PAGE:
Developing computational models for TRAIL induced activation of the membrane proximal death signaling module is challenging due to intricacies of interactions among four different death and decoy receptors (DR4, DR5, DCR1, DCR2 [25] are TRAIL receptors), and, lack of sufficient experimental data on death/decoy receptor clustering. We have recently developed a Monte Carlo simulation model that could combine membrane proximal death/decoy receptor clustering and caspase 8 activation with intracellular apoptosis signaling [7]. In this work, we also allow stochastic generation of anti-apoptotic Bcl2 proteins under TRAIL induction (presumably through antiapoptotic pathways [26,27]), thus linking membrane proximal events, intracellular apoptotic activation and genetic regulatory mechanisms in one integrated mechanistic model. Synthesis step for anti-apoptotic Bcl2 proteins was carried out with constant probability in our current simulations. Additional complexities may arise because the kinetics of Bcl2 generation can be more intricate and/or it may vary depending on the ligand type.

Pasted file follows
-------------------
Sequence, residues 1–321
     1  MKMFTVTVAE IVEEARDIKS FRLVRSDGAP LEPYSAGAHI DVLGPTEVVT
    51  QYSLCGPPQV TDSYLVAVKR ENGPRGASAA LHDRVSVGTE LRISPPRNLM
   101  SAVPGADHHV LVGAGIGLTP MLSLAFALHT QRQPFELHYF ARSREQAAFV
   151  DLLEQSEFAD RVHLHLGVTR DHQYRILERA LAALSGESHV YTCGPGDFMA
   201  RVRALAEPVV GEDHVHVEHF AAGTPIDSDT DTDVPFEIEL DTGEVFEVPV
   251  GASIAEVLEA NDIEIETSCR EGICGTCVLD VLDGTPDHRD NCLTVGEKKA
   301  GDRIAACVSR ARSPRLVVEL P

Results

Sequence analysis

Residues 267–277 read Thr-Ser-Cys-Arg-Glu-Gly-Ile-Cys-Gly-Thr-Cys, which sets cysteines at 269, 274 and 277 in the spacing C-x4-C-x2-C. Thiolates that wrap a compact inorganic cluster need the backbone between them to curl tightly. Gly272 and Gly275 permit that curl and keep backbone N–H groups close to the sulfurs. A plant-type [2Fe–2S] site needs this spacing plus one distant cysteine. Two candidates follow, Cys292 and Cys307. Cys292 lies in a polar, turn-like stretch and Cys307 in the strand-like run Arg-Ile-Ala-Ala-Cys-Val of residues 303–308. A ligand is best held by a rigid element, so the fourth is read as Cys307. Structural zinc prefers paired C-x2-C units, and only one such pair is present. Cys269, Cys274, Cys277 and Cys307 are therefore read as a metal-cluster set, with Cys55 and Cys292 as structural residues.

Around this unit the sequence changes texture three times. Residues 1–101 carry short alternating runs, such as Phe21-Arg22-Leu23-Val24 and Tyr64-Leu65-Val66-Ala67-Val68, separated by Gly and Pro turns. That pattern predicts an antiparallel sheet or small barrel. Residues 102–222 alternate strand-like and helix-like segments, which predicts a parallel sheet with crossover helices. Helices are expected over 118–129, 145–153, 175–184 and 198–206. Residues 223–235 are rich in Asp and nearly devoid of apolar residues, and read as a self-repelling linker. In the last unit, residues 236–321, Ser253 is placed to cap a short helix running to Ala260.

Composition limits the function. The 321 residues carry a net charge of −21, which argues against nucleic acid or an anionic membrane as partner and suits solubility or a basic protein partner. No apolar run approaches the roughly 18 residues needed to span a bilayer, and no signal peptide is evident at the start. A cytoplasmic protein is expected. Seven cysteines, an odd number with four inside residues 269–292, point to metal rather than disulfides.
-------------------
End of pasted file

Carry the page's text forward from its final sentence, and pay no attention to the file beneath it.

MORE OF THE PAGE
Recently, protein engineering techniques have provided us with choice of ligands for targeting structurally/functionally similar receptors and proteins in the apoptotic pathway. Affinity variant TRAIL-like ligands [15] and BH3 mimetics [28] are prominent examples of such altered ligands action of which can be simulated by varying the Pon/Poff constants for ligand binding/unbinding in Monte Carlo simulations. Thus it is possible to use in silico studies to determine an optimal ligand (or a combination of ligands), as well as the optimal network modules to target by that ligand. Here, we consider variable affinity binding to different death and decoy receptors by TRAIL like ligands [15] DR5A and DR5B. It is assumed that all three TRAIL molecules bind/unbind with the same probability to DR5 (Pon=10-2 and Poff=10-8; KA=109 M-1; approximation based on known nano-molar affinity of TRAIL for DR4/DR5 and SPR data in Ref. [15]). Following binding/unbinding probability values were used for binding to decoy receptor 2 (DCR2): (i) TRAIL: Pon=10-2 and Poff=10-8 (KA=109 M-1), (ii) DR5A: Pon=1.25 × 10-2 and Poff=5 × 10-8 (KA=2.5 × 108 M-1), (iii) DR5B: Pon=5 × 10-3 and Poff=5 × 10-7 (KA=107 M-1) (approximate estimation based on known nano-molar affinity of TRAIL for death/ decoy receptor and published SPR data in Ref. [15]). We simulate a 1.2 μm × 1.2 μm × 1.2 μm cellular volume (60 × 60 × 60 lattice with lattice spacing ~ 20 nM) in such a manner that number of molecules included in simulation volume equals concentration (expressed in nanomolar). Total simulation time- scale was taken to be 108 MC steps (in one MC step each molecule is sampled once on average). Each run of our Monte Carlo simulation corresponds to apoptotic death activation in a single cell, thus, data obtained from many Monte Carlo runs can capture cell-to-cell stochastic variability (due to extrinsic and intrinsic noise) in signaling activation. Statistical analysis (average and standard deviation) was carried out using data obtained from many single cell runs (64 runs were used in current simulations; we also bootstrapped the data to carry out statistical variance estimation). Even though results shown here are based on a small simulation volume [7] (also the Monte Carlo simulation model used has simplifying assumptions), it is expected that mechanistic insights provided by this study is robust.